A busy schedule caused me to miss posting a blog last week and to be late this week. However, here we are with a new crime. In my previous blog, I presented the murders of four young workers at a Speedway, Indiana, Burger Chef restaurant in 1978. This week’s case is also from Indianapolis, the 1911 murder of Dr. Helene Knabe.
Helene Knabe was born December 22, 1875, in the German state of Prussia, in an area now part of Poland. She dreamed of becoming a doctor, but higher education wasn’t an option for women in nineteenth-century Germany. When she learned that medical schools in Indiana admitted women, she made plans to immigrate and arrived in 1896.
At first, Helene worked as a seamstress to earn money for her medical schooling. She also had to polish her English skills to a level where she could succeed in her studies. She entered the Medical College of Indiana in 1900 and graduated in 1904 as one of the two women students.
Almost immediately after graduation, Dr. Knabe was appointed Assistant Deputy health officer in Indiana, the first woman in that position. She assumed the role of acting superintendent after becoming an expert in rabies prevention. Upon learning that her male coworkers earned more, she resigned and opened a private practice.
Dr. Knabe’s Career Flourishes
In her practice, Dr. Knabe taught sex education, focusing on reaching out to immigrant women. She also educated the local community on the symptoms of sexually transmitted diseases. Another achievement was her appointment as medical director and associate professor of physiology and hygiene at the Normal College of the National American Gymnastics Union.
In 1905, Dr. Knabe met Dr. William B. Craig, the Dean of Students at Indiana Veterinary College. Dr. Craig recommended Helene for the Chair of Hematology and Parasitology at IVC, a position she assumed in 1909.
The two doctors maintained a friendship and may have been engaged to be married. Dr. Craig later disputed this, but some of Dr. Knabe’s friends said otherwise.
The Murder of Dr. Helene Knabe
Monday morning, October 23, 1911, Dr. Knabe’s laboratory assistant entered her room in the Delaware Flats apartment complex. She found Dr. Knabe lying on her bed with her throat slit and her nightgown rolled up around her shoulders.
The Indianapolis police launched an investigation that can only be described as slipshod. At the outset the janitor, Jefferson Haynes, removed the garbage can before the police police could inspect its contents. Haynes was later a suspect, but investigators soon cleared him.
Police first declared the death to be a suicide, despite the absence of a weapon and the presence of a bloody fingerprint (Helene’s hands had no blood on them). Fingerprinting wasn’t firmly established in 1911, but the police didn’t try to match the bloody print. However, coroner Dr. Charles O. Durham was adamant when he declared the death a homicide.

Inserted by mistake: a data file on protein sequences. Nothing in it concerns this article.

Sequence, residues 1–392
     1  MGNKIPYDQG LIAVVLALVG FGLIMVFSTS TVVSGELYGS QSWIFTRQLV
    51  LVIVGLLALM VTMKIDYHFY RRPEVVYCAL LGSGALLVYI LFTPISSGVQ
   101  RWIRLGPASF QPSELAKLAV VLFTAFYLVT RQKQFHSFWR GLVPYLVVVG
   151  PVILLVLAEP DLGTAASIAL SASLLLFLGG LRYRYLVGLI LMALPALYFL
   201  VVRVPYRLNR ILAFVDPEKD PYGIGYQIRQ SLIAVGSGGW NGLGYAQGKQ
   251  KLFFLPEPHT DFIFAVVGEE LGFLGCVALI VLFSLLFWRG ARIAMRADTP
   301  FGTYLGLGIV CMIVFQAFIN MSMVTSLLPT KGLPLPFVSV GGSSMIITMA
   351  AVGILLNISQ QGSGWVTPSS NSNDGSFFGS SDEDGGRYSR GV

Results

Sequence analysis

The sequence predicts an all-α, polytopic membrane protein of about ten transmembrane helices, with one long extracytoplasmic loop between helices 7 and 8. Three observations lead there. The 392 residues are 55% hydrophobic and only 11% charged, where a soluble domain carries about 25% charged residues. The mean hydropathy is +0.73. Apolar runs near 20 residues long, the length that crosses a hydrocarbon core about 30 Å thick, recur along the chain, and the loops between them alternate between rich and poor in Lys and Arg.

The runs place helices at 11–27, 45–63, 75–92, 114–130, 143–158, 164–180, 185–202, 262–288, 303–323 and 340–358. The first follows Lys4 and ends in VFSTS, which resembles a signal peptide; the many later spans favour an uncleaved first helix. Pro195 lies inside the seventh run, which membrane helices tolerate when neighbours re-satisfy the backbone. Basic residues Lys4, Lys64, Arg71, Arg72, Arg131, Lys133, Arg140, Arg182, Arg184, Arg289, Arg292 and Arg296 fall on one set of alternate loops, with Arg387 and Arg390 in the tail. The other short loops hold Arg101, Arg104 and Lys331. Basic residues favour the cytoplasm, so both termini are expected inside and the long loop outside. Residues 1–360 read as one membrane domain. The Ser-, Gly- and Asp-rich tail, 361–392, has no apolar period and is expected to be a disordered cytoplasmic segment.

Almost fifteen months after her death, a grand jury indicted Dr. Craig for Dr. Knabe’s murder. They also indicted Alonzo M. Ragsdale, an undertaker, as an accessory. Ragsdale was a business associate of Dr. Knabe and the unscrupulous executor of her estate.
Dr. Craig’s defense employed the disgusting but timeworn technique of attacking the victim. They maintained that Dr. Knabe was an aggressive and masculine woman, dog-whistle language hinting that she was a lesbian. There is no evidence that this was the case, even if it had been relevant.
Dr. Knabe was treated as a villain, not a victim. The media and some of her peers chastised her for being assertive in her career and pursuing her dreams. Society couldn’t understand a woman wanting to work in a sometimes unpleasant and coarse field. Because she was a 35-year-old woman who worked as a physician and lived in a small apartment—rather than a grand home with a husband and children—her critics judged Dr. Knabe unhappy. Due to Alonzo Ragsdale, her unscrupulous estate executor, the public believed she was an unsuccessful pauper physician.
The truth was that Dr. Knabe had several sources of income and brought in over $150 ($4,766 in 2023) each month. Far from being poor, she sent most of her disposable income to an uncle who could no longer work.
The case against Dr. Craig collapsed under the assault from the defense. It didn’t help that Craig’s housekeeper, who was to be a witness against him, refused to come to the courthouse. Judge Alonzo Blair directed the jury to return a not-guilty verdict. Because there was now nothing to be an accessory to, the state dropped the charges against Ragsdale.
The murder of Dr. Helene Knabe remains unsolved over a century after her death.
Dr. Helene Knabe is buried in Indianapolis’ Crown Hill Cemetery, a resting place she shares with former President Benjamin Harrison, poet James Whitcomb Riley, and Depression-era gangster John Dillinger.
You can read more about Dr. Knabe and her death in the 2016 book, She Sleeps Well: The Extraordinary Life and Murder of Dr. Helene Elise Hermine Knabe by Nicole R. Kobrowski.
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